We were seeing that people started using this feature more prominently to stay connected with creators and give updates. When we start seeing these types of use cases, we think, how can we make this better for our users? How do we make it easier to do something? How do you improve discovery for livestreams? 

One of the reasons why we’ve been leveraging livestream as an area of focus for us is that we saw lots of videos of our community being incredibly uplifting and positive: building masks at home and donating them to local hospitals, donating food to healthcare workers,  and TikTok stars challenging people to donate.

We always think about our users and user experience first, and work backward from there.”

What informed the creation of the donation stickers, and how they’ll ultimately take shape, from a product standpoint?

Donation features were something that we’ve been thinking about for some time. Given the recent situation, we started seeing that this is something that people really are passionate about, so we really expedited the development of this feature. 

There’s three strengths that make this donation feature unique. First, it’s really easy and fun to create content with engaging video, music and sound editing tools, and the AR effects. Second, creators’ content can be discovered very quickly. On TikTok, you can join today, have zero followers, create a video with that donation sticker in a matter of minutes, and your video can reach a global audience within days. Third, we actually show within each video how much you’re able to donate and show the TikTok matching component.  




Is there anything that has been born out of this experience, product-wise, which might inform future product features or strategy?

We realized we have this great green screen feature that’s available on video — why not provide it in livestream? We just recently started building that out and started testing that feature. Now, when you have the WHO, doctors, professors or anyone who wants to livestream and explain a topic in detail, they have a canvas that they can use to provide on-screen to explain in detail.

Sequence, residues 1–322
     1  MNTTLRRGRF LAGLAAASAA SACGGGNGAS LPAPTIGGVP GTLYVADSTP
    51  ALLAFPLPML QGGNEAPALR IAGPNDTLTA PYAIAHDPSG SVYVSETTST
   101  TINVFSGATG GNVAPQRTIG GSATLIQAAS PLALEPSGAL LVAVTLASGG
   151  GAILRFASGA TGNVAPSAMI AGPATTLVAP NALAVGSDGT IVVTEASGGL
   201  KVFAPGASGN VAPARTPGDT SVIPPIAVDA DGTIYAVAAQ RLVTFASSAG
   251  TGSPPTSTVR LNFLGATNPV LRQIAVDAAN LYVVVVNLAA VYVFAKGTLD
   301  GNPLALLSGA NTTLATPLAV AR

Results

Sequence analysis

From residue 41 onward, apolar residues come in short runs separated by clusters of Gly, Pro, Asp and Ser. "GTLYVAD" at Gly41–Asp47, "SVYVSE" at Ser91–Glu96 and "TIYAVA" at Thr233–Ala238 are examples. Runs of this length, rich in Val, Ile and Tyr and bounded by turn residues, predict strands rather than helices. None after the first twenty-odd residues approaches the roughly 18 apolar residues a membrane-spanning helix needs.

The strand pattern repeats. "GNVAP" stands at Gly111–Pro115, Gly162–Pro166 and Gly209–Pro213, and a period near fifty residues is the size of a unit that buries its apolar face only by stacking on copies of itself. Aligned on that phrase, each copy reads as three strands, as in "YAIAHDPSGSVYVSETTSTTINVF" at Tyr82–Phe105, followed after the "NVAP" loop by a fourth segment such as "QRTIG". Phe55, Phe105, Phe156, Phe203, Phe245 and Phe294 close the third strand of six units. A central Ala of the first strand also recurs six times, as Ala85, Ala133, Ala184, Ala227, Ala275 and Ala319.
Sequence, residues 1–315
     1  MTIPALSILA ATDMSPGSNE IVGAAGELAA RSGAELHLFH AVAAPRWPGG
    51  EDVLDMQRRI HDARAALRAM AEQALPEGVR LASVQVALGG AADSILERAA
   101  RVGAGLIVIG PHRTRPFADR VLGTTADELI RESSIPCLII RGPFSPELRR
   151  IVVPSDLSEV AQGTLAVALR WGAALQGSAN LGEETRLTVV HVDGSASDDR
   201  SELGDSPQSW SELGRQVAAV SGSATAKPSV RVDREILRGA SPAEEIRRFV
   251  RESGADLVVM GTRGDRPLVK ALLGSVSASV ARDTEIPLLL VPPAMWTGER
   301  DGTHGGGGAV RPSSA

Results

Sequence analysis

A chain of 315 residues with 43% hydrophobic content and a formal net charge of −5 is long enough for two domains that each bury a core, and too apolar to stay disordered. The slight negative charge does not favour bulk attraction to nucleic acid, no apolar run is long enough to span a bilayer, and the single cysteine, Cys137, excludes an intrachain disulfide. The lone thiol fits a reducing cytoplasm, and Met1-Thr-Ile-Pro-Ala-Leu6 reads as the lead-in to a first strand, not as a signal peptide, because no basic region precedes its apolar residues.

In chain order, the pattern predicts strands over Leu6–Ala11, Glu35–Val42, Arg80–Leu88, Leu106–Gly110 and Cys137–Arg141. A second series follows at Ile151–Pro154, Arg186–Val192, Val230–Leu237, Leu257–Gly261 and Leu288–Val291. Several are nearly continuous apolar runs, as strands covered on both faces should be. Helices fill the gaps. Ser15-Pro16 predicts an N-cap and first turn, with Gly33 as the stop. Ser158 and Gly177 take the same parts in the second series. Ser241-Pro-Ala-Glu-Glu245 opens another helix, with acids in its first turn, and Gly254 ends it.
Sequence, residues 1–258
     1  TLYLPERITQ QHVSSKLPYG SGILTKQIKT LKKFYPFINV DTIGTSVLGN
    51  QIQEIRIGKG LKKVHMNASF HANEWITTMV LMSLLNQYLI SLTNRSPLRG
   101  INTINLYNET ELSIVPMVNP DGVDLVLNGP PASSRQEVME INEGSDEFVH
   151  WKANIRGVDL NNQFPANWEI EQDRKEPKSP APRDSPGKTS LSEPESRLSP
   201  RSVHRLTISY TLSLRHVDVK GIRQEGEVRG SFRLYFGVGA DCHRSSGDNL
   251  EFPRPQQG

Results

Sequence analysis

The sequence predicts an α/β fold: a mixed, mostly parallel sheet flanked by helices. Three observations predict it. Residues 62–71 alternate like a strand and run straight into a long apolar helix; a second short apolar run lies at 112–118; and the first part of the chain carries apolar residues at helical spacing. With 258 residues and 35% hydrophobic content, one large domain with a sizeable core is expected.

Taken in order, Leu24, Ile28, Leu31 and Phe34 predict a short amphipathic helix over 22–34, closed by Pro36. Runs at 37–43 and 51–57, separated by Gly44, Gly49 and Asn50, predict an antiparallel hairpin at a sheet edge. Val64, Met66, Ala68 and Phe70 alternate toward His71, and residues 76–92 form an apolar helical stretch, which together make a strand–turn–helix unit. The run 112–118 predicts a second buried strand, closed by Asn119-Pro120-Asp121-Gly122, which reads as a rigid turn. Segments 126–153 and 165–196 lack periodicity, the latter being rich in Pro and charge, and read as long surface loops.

Though TikTok’s user base might trend younger — according to GlobalWebIndex, 41 percent of users fall between ages 16-24 — Kim noted that it’s critical to create a product global in appeal, regardless of audience demos. “There are lots of other users on our platform: doctors, teachers, celebrities, and there’s accounts like the NBA and NFL. We have to ensure that when we build a product, we’re keeping everyone in mind and that the product is as versatile enough so that everyone can enjoy it.”


What takeaways have you gleaned from this experience that you’ll carry with you moving forward?

There are five things. One: Regardless of these situations, we’re going to always ensure that we’re putting our users first. Two: We should be thinking like a CEO. As a PM, you have to be versatile, have an understanding of all aspects of the business and contribute to all the different conversations that are happening, regardless of job function. Three: It’s OK to take risks. Failure’s part of the job. We’ll learn to make better products in the future and become a better product manager. Four: You don’t need 100 percent of data to make a decision. Sometimes, you have to just go with your gut. If you do have 100 percent of the data that you need to make a decision, you’re probably moving too slow. Five: Be passionate about what you’re doing. It keeps you curious, engaged and keeps you going.